In case you missed the news last week, we’ve recently been hearing that Universal owner Comcast might want to buy SeaWorld Parks & Entertainment (which includes Busch Gardens and other parks across the U.S.).
It isn’t nearly as farfetched as it might seem on first blush; Comcast, as noted in last week’s Rumor Round-Up, has suddenly found itself inebriated with the themed industry, more than willing to drop half a billion dollars a year on upgrades and expansions for its American properties while also currently in the process of constructing locations in Beijing and Moscow and, just possibly, Dubai, South Korea, and India. It’s on a single-minded crusade to topple industry leader (and creator) Disney from its high horse and drag it into a knock-down, drag-out fight in the mud.
And for SeaWorld owner Blackstone Group, an investment firm whose sole interest and purpose in theme parks is to turn a tidy profit, the only question isn’t whether they would sell one of the biggest chains in the country, it’s for how much. It’s hard to imagine a more perfect alignment of the stars for such a transaction to happen, despite the fact that NBCUniversal was already at this particular juncture once before (some six years previously, when SeaWorld Entertainment was being auctioned off and before Blackstone ended up being the highest bidder).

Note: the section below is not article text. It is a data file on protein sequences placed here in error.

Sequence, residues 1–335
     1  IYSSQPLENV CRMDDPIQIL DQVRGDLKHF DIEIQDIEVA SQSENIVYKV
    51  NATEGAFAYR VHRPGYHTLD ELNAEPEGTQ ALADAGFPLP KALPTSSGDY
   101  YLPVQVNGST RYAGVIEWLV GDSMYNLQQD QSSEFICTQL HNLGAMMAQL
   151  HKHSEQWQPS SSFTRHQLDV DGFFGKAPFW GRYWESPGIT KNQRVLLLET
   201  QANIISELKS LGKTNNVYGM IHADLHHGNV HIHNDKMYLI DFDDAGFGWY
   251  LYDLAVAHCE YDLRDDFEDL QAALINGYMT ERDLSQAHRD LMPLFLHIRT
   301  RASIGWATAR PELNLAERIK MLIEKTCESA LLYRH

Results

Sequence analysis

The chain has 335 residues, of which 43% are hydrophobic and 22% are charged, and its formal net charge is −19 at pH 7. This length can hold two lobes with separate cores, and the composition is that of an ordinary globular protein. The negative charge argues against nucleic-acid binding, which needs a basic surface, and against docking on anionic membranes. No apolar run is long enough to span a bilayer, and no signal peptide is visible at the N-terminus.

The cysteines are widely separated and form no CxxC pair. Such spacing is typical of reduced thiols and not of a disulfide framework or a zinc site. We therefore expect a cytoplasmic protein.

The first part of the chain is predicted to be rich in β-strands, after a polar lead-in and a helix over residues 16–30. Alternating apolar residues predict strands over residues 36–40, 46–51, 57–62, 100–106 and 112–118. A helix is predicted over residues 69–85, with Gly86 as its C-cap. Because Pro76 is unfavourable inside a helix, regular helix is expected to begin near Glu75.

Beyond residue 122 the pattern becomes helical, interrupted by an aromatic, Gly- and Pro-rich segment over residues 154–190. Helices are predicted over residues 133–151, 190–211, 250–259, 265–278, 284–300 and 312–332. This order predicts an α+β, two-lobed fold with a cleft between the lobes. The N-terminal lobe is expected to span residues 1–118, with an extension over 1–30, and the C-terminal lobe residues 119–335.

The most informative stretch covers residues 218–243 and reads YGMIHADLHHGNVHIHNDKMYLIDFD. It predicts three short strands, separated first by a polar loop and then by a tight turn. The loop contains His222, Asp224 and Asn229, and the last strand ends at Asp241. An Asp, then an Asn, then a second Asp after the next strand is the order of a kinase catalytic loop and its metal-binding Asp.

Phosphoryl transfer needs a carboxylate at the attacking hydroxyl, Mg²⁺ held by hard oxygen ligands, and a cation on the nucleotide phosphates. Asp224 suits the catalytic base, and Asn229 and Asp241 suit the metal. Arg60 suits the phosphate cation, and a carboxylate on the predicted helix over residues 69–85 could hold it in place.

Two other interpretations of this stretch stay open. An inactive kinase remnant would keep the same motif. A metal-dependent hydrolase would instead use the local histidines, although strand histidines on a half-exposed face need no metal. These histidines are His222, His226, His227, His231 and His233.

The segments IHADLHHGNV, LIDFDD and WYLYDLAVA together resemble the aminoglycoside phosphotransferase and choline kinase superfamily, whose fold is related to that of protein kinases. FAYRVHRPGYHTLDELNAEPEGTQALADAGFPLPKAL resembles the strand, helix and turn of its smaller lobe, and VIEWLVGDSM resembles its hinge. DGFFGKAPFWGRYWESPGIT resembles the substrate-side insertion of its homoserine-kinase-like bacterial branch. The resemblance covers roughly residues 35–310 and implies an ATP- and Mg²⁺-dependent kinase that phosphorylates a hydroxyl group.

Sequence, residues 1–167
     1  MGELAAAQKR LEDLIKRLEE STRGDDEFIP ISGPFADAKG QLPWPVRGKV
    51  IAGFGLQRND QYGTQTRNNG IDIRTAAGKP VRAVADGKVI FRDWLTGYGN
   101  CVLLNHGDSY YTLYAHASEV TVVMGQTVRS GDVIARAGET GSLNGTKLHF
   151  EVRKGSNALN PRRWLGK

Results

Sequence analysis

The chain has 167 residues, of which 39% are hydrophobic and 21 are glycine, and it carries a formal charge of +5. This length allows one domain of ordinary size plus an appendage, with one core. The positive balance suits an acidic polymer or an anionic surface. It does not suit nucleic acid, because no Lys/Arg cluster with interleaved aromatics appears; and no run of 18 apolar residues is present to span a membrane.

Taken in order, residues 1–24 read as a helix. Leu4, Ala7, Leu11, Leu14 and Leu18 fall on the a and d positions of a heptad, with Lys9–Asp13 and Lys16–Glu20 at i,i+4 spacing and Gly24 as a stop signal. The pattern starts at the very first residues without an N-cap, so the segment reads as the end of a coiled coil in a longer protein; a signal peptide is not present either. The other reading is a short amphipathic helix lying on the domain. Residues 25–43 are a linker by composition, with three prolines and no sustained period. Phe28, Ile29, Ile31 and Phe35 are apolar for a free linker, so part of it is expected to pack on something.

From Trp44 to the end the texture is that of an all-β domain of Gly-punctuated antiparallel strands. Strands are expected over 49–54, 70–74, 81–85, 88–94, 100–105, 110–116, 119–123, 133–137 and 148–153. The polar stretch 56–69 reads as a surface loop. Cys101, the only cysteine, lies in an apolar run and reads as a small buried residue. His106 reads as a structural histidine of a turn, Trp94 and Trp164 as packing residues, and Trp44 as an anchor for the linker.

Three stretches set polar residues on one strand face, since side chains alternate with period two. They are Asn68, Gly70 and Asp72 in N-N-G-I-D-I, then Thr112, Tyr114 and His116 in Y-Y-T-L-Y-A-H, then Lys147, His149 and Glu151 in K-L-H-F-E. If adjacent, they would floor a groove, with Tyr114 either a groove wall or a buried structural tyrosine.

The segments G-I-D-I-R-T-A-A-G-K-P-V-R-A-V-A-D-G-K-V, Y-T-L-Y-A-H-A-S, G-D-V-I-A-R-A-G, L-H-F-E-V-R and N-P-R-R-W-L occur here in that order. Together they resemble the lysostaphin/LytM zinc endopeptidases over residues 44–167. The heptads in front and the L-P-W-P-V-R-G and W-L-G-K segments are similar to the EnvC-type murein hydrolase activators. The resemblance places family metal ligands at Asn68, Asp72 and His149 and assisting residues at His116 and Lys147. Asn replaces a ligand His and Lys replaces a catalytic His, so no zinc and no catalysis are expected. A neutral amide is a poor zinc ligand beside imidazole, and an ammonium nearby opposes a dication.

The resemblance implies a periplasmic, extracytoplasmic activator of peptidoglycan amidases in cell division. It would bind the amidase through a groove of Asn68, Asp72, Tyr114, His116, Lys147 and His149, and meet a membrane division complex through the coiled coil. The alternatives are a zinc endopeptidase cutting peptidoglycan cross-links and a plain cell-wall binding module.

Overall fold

Let’s say Comcast is successful and all of SeaWorld’s holdings get folded into the growing Universal Studios empire. Would the theme park industry look drastically different the very next day? In a word, yes. Beyond SeaWorld Orlando, Aquatica Orlando, and Discovery Cove being immediately rendered part of Universal Orlando Resort, there’s actually quite a few ramifications that would play out around the world, as well.
Just what does SeaWorld own, anyway?
Before our imaginations can run away with us, it’s important to first stop and take stock of the situation.
Many are probably not aware of the full extent of SeaWorld’s locations nationwide – the company actually owns more than twice as many parks as Universal does globally, with plans to move into the international market itself. In fact, there are more SeaWorld locations in the US than Disney and Universal possessions combined, running the gamut from marine to amusement to water to kiddie parks – in short, just as wide a spectrum as Disney’s continental portfolio.
- Busch Gardens Tampa (opened in 1959)
- SeaWorld San Diego (1964)
- SeaWorld Orlando (1973)
- Busch Gardens Williamsburg (1975)
- SeaWorld San Antonio (1988)
- Adventure Island (sister park to Busch Gardens Tampa) (1980)
- Water Country USA (sister park to Busch Gardens Williamsburg) (1984)
- Aquatica Orlando (sister park to SeaWorld Orlando) (2008)
- Aquatica San Antonio (sister park to SeaWorld San Antonio) (2012)
- Aquatica San Diego (sister park to SeaWorld San Diego) (2013)